Let’s examine the three statements and try to argue from evidence and not conjecture.
The first argument is the easiest to refute. So we’ll start there.
One of the studies cited by Dr. Richard Clark against the use of games for learning is also cited by myself in my book is the meta-analysis (study of studies) by Robert Hays of the Naval Air Warfare center Training System Division who conducted a review of the literature in 2005. He examined 274 documents related to the design, use and evaluation of games. In his review of the literature, Hays eliminated 169 of the documents due to structural flaws, the use of opinion instead of statistics, and other research related flaws. Yet, he still concluded, and I quote directly from his research paper:
… games can provide effective learning for a variety of learners for several different tasks (e.g., math, attitudes, electronics, and economics)…(p.6) [and]… The second “claim,” that games enhance cognitive learning, continues to be supported. The research shows that people can learn from games.
So there are clearly evidence-based support for using games for instruction. Now, in the quote above, I have taken the statements out of context and that was on purpose, to prove my point. I will now include the entire context because one cannot evaluate research without looking at all the findings not just the ones that you happen to agree with.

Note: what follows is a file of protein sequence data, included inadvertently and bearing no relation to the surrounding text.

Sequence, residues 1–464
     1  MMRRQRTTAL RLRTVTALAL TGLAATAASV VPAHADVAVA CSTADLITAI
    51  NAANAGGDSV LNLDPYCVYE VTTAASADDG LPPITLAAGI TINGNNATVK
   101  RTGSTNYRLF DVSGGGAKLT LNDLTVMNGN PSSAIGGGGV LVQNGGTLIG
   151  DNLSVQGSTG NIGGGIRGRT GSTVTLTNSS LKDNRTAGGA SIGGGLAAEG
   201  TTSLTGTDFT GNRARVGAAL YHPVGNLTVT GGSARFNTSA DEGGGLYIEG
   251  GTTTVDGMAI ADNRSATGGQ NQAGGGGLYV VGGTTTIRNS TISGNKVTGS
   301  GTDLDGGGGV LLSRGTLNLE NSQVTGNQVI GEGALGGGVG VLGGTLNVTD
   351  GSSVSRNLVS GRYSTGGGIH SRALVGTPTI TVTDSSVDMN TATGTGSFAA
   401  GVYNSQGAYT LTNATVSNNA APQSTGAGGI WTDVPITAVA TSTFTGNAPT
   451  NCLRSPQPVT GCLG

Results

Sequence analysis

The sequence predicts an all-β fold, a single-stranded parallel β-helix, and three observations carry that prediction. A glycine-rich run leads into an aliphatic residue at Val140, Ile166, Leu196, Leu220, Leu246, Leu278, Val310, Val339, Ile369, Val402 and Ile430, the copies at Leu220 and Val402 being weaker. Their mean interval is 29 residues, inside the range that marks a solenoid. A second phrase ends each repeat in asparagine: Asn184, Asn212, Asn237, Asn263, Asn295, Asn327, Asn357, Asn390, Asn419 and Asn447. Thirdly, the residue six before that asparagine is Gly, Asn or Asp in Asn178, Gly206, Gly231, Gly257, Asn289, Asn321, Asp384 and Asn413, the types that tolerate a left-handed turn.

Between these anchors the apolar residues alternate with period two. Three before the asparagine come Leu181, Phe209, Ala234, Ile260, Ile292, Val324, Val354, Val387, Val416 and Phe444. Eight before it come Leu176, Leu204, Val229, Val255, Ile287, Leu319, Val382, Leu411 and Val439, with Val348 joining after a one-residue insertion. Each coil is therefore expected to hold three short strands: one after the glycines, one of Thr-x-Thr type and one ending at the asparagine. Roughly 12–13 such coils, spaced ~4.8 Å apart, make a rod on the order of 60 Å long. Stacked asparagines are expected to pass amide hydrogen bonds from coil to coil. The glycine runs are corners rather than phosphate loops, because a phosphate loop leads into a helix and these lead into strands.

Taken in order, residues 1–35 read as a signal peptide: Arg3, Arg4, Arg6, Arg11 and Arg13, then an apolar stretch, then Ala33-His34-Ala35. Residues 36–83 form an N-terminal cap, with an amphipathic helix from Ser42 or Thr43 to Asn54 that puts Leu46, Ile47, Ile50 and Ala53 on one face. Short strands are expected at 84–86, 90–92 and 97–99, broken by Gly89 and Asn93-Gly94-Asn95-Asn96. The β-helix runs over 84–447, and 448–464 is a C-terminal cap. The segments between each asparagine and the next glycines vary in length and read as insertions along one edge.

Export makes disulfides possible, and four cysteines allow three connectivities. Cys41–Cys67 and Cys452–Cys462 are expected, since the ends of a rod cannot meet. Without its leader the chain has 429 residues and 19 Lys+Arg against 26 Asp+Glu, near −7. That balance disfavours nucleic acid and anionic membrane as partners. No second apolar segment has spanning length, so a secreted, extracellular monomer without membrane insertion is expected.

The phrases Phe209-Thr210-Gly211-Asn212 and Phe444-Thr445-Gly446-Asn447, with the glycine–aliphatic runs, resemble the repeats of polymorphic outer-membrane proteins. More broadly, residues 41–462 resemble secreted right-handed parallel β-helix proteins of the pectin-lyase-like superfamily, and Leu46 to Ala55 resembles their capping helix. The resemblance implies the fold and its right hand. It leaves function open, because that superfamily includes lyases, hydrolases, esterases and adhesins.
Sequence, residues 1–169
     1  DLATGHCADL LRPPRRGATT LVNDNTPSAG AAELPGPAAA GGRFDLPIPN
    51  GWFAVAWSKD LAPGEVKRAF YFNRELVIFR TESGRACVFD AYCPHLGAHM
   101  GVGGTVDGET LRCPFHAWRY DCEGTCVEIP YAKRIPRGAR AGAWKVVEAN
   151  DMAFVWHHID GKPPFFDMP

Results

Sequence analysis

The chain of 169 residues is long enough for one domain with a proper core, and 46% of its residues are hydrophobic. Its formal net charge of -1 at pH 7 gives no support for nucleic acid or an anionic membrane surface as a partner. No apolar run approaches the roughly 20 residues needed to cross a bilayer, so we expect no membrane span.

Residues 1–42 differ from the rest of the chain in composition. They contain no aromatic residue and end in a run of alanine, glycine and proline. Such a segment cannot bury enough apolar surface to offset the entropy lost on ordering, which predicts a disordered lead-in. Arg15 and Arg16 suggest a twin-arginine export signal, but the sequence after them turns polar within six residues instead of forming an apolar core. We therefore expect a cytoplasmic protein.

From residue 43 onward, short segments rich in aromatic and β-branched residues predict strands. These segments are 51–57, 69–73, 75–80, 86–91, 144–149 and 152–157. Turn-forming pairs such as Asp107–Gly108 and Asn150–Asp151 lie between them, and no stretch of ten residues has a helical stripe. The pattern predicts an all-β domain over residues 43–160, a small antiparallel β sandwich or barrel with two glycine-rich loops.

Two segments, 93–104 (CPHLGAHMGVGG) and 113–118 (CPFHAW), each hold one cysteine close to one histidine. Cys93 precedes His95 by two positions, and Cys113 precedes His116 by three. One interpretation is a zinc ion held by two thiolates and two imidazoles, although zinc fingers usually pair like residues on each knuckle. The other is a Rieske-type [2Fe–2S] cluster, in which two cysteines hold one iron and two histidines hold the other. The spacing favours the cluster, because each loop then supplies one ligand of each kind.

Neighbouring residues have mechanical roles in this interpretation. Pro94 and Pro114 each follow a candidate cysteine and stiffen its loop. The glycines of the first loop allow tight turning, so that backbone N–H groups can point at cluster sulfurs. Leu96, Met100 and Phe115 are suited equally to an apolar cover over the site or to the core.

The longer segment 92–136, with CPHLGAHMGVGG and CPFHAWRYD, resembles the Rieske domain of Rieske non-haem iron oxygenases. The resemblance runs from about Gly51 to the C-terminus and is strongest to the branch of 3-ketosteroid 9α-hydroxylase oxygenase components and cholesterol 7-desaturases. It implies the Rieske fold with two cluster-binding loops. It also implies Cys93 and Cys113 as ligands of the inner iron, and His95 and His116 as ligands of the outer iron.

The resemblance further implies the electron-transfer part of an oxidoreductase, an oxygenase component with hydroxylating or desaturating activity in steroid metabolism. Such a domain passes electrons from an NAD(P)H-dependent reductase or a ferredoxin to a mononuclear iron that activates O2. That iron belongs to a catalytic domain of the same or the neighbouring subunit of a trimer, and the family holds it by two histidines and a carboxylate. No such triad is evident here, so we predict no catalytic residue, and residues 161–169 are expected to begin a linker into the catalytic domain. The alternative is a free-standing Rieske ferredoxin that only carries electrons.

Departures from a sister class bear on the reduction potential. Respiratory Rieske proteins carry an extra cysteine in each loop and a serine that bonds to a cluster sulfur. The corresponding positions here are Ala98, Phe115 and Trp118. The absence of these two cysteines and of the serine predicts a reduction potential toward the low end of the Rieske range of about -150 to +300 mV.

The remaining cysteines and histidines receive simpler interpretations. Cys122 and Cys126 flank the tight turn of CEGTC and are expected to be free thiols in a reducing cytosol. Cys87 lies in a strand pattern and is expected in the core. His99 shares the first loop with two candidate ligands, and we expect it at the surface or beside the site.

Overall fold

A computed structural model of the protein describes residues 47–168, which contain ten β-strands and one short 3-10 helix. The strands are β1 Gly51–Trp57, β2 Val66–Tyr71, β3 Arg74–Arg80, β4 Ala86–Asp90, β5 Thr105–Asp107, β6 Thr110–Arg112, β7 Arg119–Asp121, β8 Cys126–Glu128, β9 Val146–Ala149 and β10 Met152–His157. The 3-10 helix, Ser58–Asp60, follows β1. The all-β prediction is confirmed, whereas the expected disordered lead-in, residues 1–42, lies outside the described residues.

Although research has shown that some games can provide effective learning for a variety of learners for several different tasks (e.g., math, attitudes, electronics, and economics), this does not tell us whether to use a game for our specific instructional task. We should not generalize from research on the effectiveness of one game in one learning area for one group of learners to all games in all learning areas for all learners.(P.6)
Of course nor should we generalize from one study about the ineffectiveness of one game in one learning area for one group of learners to all games.
The second “claim,” that games enhance cognitive learning, continues to be supported. The research shows that people can learn from games. However, the research does not indicate that games are superior to other instructional methods in all cases. Like any instructional activity, games should be chosen because they provide learners with interactive experiences that help them meet instructional objectives. (P. 46).